thu 26/04/2018

The Bridge, Series 3, BBC Four | reviews, news & interviews

The Bridge, Series 3, BBC Four

The Bridge, Series 3, BBC Four

Saga Norén looks for a new Danish partner and a scourge of the LGBT community

'The Bridge': Sofia Helin as Saga Norén BBC/ZDF/Carolina Romare

The Saga saga has come round for a third turn of the wheel. Much water has flowed under The Bridge since series two. Without wishing to provoke a visit from the spoiler Stasi, it is safe to reveal that Martin is no longer in the picture. He is currently enjoying Her Danish Majesty’s hospitality, and over the water in Malmö Saga is partnerless. Indeed in the Copenhagen police force, her reputation is no longer just as an oddball with no sense of humour, communication skills or empathy. She’s the one who ratted on her closest colleague.

So series three is all about palling Saga Norén (Sofia Helin) up with another detective from Denmark. This is proving difficult so far. In the first episode the job is taken by a no-bullshit cop called Hanne (played by Kirsten Olesen; some may recognise her as the dying artist from The Legacy whose will triggers so much family strife). It looks as if Hanne and Saga, who don’t get along at all, are going to join the shortish list of female buddy cops. "You and I are just working together," says Hanne in response to Saga's stilted attempt at small talk. But some posts, a bit like the Defence against the Dark Arts job at Hogwarts, are difficult to fill, and by the second episode the role has been taken by Henrik (Thure Lindhardt), a young man with an enigmatic home life who looks as if he may be a match for her. He even hits on Saga, but then he hits on half of Copenhagen with the full knowledge of his beautiful bedmate. 

The heart of the drama is always Saga's jagged, off-centre worldview

As for Saga’s new case, she needs a partner from Copenhagen because a body turns up in Malmo but the victim is Danish. This being The Bridge, the murder scene has a baroque quality. A middle-aged woman is found propped up at a table in a warehouse, surrounded by mannikins all with emojis painted on their faces. It’s an outlandish mock-up of a happy nuclear family.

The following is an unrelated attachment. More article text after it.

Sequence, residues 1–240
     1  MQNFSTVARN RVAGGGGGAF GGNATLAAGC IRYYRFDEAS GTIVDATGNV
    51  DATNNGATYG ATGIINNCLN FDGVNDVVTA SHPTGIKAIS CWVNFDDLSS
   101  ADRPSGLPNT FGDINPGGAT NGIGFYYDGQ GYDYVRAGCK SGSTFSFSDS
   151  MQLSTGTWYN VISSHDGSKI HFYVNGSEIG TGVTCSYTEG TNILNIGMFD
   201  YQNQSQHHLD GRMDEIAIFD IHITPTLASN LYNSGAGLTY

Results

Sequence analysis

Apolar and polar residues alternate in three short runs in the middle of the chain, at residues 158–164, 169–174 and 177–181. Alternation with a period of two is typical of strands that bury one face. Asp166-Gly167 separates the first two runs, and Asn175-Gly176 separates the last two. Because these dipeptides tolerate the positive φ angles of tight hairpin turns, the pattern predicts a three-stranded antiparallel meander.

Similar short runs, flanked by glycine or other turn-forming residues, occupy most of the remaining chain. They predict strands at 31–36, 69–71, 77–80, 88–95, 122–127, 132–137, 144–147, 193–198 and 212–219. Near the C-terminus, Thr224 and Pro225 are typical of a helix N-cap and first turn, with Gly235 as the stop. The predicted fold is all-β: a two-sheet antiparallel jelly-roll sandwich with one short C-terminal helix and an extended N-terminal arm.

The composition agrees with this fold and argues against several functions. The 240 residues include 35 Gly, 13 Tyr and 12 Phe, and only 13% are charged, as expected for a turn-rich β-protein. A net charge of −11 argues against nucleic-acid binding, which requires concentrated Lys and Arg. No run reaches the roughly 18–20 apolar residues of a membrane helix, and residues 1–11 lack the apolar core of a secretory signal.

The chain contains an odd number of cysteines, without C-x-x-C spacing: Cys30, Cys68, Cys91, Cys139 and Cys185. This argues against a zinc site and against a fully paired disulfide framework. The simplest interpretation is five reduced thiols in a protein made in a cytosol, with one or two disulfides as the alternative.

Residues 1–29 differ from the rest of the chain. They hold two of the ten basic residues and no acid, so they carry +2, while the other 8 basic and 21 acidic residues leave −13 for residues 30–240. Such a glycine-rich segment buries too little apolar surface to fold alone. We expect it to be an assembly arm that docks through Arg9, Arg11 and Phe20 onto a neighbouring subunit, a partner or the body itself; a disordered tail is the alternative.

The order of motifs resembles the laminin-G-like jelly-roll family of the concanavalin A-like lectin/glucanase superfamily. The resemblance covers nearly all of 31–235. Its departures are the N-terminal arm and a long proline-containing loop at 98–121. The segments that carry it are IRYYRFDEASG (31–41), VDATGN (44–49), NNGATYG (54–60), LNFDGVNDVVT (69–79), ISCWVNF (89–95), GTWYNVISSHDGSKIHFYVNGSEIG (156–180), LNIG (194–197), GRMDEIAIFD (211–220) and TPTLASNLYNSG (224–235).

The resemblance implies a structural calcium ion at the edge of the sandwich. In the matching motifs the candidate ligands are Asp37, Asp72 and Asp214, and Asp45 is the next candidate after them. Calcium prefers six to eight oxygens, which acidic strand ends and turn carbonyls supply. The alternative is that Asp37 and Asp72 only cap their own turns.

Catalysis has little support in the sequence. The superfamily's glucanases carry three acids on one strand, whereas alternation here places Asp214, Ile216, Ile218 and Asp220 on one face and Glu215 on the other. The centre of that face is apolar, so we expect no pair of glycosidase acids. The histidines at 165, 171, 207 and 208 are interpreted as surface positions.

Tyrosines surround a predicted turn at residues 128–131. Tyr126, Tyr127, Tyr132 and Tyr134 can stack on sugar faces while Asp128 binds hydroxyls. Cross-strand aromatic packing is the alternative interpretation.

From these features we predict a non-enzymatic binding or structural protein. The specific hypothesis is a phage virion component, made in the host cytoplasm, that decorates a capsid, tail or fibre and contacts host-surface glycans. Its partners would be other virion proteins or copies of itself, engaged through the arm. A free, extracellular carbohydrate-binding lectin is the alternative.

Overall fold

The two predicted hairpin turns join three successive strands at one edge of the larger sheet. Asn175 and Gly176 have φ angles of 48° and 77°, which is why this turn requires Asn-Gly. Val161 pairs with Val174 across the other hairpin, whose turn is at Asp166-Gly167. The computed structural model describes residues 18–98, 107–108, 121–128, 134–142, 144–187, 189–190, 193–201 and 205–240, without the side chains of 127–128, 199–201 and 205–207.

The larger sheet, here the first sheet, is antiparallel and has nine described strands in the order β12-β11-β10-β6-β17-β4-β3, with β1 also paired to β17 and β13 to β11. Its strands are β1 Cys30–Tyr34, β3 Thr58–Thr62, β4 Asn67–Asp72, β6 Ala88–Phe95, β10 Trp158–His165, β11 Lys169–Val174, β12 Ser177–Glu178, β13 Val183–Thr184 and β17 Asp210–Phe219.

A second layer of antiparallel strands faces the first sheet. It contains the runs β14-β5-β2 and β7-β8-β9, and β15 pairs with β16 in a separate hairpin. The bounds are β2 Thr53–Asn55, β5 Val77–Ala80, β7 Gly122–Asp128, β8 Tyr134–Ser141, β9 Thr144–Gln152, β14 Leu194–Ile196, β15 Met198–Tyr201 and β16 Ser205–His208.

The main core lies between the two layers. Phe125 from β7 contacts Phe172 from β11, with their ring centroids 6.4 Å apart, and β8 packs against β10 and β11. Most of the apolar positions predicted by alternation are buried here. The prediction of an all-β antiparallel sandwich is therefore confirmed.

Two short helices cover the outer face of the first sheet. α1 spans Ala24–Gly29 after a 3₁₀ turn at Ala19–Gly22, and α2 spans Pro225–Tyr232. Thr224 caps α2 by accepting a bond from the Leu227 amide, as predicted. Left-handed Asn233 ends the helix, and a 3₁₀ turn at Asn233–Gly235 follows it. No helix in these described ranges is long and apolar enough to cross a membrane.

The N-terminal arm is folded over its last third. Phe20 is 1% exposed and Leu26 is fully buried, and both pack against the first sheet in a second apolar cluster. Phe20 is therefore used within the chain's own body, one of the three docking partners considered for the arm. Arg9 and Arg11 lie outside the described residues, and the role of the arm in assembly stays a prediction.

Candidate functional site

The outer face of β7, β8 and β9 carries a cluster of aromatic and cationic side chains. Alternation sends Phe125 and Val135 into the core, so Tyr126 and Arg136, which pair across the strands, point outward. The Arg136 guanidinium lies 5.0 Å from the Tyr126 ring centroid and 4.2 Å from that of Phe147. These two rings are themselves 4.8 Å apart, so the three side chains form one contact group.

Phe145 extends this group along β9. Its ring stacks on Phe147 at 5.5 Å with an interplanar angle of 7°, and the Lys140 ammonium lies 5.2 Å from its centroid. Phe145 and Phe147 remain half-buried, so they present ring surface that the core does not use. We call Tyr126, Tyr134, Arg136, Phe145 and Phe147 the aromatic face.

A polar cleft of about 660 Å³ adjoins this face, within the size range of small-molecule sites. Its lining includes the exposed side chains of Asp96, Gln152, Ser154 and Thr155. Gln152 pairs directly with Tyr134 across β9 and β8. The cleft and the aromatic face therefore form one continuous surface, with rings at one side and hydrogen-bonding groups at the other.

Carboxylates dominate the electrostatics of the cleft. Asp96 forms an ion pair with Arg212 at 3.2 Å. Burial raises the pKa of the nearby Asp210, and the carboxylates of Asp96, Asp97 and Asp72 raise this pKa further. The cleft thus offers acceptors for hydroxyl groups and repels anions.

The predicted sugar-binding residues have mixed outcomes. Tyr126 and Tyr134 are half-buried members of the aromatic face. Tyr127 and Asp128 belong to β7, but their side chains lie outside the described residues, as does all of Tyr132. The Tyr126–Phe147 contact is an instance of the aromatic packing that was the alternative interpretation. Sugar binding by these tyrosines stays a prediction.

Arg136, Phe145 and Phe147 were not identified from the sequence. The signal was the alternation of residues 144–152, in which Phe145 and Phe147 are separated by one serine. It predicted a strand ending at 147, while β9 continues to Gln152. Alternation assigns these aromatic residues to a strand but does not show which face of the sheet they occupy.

The victim runs – ran – a gender-neutral primary school, which not everyone is ready for, particularly in Denmark. Political correctness is such a deeply Swedish thing that even Danes – by anyone’s lights, far more on-message than the rest of us – roll their eyes. Saga has learned the language by rote, deploying the gender-neutral pronoun “hen”, which hasn't made it to Denmark.

When a Danish pastor who marries homosexuals in his church is garrotted in episode two, it is clear that the killer is on a moral crusade to clear up a contemporary infestation. A spectacularly bigoted Christian vlogger (Sonja Richter, pictured) is an early suspect. Others on the run include the first victim’s paranoid son (Asbjørn Krogh Nissen) and an ex-jailbird (Boris Glibusic) with revenge on his mind – and by the thrilling end of episode two, he has a lot more to avenge.

But the heart of the drama is always Saga's jagged, off-centre worldview, which in this series is complicated by the hands-across-the-water marriage of her boss Hans (Dag Malmberg) to Martin’s superior Lillian (Sarah Boberg). There's also the discombobulating arrival on her doorstep of her mother, whom she hasn’t seen for 20 years, with family news she’d rather bury. Helin’s eye-popping, jerky physicality and robotic speech patterns continue to be dependably weird, and the plot in which she’s embroiled is as gripping if eccentric as its predecessors. Hats off to head writer Hans Rosenfeldt for putting LGBT issues at the heart of a popular crime drama. 

 

Political correctness is such a deeply Swedish thing that even the Danes giggle about it

rating

Editor Rating: 
4
Average: 4 (1 vote)

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